How to be a Successful Online Learner
In today’s technologically driven world, the gap between what it takes to succeed in a traditional classroom versus an online university has narrowed significantly.
It’s difficult for any student to graduate these days without at least some measure of technical savvy. Without it, he or she would find themselves lost at sea in a job market that increasingly requires computer skills, even for entry-level positions.
Many of the resources recommended for online students – the blog Online Learning Insights, for example, suggests reading the course syllabus and planning weekly study time – are just as essential for students attending class in physical spaces.
Still, online learners do face additional challenges, including distance and discipline. Here are five tips for overcoming those hurdles.
Log on to class regularly
An educational model with asynchronous classes in which students don’t have to be logged onto their computers at a set time can make it easy to put off a session when something more urgent or fun pops up.
Don’t succumb to that temptation! Even if your class doesn’t meet at a regular time you can set your own dedicated class time. Doing so will help you hold yourself accountable.
In an online class, the professor doesn’t have students’ puzzled looks as a cue to try to clear up a point. That means it’s usually up to students to raise a virtual hand via participating in a discussion group or by emailing the professor.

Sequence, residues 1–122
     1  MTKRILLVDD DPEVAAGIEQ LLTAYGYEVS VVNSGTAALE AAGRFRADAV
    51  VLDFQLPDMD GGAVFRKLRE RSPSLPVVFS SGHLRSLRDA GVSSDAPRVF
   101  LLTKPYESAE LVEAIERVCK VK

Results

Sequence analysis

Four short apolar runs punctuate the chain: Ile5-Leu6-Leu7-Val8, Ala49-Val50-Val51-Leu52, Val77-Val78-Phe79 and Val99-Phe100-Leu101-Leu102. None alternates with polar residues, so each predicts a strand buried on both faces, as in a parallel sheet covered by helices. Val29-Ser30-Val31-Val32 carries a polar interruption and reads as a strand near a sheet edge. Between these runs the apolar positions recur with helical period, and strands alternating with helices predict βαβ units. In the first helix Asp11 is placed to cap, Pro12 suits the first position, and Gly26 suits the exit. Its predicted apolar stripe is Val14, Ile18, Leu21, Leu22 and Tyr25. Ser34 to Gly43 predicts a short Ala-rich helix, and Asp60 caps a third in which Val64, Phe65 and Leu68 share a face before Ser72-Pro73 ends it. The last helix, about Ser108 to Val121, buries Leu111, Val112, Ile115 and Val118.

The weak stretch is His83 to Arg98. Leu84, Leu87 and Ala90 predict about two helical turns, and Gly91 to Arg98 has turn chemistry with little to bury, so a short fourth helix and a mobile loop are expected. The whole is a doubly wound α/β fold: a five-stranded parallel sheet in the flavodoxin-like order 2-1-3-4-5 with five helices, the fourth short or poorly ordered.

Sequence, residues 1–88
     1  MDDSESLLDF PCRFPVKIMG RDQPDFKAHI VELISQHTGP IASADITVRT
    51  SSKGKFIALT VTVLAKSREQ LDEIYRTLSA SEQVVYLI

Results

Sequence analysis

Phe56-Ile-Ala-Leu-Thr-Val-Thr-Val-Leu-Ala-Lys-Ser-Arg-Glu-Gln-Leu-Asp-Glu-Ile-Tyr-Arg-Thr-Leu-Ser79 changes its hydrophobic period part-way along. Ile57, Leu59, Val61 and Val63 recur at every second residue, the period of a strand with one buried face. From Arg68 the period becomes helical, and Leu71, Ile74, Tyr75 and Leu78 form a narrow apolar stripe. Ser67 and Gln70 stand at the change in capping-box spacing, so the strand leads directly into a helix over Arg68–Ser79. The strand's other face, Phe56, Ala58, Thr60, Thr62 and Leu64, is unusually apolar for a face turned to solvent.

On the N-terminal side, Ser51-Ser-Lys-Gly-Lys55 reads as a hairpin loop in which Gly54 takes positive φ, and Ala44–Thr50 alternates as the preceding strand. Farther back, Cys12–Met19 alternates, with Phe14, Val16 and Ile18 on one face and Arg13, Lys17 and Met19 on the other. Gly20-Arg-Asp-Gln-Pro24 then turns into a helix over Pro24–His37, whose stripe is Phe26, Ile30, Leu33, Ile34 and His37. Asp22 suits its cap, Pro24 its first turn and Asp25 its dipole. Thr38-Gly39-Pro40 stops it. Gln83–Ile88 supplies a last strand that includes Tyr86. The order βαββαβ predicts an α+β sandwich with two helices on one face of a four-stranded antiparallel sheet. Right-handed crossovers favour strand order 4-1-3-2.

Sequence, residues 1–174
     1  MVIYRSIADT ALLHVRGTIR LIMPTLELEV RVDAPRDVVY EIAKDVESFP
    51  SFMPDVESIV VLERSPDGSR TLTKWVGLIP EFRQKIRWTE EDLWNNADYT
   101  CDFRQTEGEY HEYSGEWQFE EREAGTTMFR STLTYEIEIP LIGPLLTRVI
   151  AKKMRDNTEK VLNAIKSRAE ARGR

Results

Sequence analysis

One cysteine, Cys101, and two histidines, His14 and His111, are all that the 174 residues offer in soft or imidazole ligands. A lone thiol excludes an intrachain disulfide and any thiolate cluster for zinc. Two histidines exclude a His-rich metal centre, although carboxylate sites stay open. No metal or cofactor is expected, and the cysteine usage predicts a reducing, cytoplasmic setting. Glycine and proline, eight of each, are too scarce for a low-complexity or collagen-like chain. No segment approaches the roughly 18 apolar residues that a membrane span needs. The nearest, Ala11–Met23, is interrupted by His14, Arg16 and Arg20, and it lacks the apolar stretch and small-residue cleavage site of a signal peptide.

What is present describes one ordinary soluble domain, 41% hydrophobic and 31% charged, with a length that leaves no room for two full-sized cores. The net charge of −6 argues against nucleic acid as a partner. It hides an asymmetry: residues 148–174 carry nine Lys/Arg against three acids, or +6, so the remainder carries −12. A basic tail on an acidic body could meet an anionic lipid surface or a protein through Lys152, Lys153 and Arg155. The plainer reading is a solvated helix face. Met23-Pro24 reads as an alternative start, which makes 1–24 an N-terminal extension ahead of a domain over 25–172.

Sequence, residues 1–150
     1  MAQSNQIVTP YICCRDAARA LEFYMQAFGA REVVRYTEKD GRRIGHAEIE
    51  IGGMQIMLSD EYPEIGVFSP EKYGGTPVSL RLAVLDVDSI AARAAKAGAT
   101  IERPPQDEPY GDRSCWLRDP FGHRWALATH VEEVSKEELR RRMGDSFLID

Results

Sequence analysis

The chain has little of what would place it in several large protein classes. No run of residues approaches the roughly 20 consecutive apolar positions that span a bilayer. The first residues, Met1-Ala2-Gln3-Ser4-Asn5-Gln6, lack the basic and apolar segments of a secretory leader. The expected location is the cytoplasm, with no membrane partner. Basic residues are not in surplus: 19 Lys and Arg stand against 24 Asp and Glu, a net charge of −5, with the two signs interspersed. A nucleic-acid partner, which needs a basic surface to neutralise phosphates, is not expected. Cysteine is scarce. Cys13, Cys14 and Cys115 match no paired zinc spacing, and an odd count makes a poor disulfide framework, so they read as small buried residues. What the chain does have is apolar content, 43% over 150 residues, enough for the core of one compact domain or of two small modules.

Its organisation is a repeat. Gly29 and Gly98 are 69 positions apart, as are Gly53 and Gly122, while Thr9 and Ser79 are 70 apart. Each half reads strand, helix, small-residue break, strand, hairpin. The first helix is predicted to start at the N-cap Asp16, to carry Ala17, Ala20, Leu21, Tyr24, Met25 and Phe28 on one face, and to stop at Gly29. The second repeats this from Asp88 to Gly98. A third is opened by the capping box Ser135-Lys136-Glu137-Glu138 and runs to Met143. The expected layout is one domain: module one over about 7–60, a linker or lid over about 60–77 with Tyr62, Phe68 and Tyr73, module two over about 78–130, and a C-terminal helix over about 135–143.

Discussion groups hold certain advantages. Educause Review points out that instructors often provide deeper, more thoughtful responses when they’re writing for a discussion group compared to when they’re answering off-the-cuff during a lecture. The writing skills that you develop by posting questions and participating in discussions will also serve you well in the corporate world, as this article at Edutopia points out.
Be an online presence
More than simply taking classes, online learning is an opportunity to join a wider intellectual community, which has many intangible benefits. Check out online student organizations and weigh in on class discussion groups even if you don’t have any particular questions. You might find yourself learning more from a classmate’s excellent query that hadn’t even occurred to you.
Part of the learning process often involves having your points challenged or even criticized at times. This happens in physical classrooms, too, though sometimes a difference in opinion expressed in text can come across as curt versus one expressed verbally. Take it all in stride, and don’t take it personally. Above all, remember that questioning often leads to stronger learning.
Reinforce what you learn
Students at brick and mortar schools congregate in coffee shops or in the halls before class and talk about the lecture. Online students have to work a little harder to find those opportunities.
Discussion groups are a great place to start, as are your family and friends. Explaining what you’ve learned is an amazingly effective retention method. Don’t be shy!
Interactive quizzes are another way to quickly reinforce that chapter that you just read while discovering and shoring up any weaknesses to address. With platforms such as Constellation and Ashford Mobile, it’s easy to do this from anywhere.
Embrace the differences you’ll encounter earning an online degree. You’ll find that many of the skills particular to online learning will serve you well in the workforce and throughout your academic career.
Written by Ashford University staff.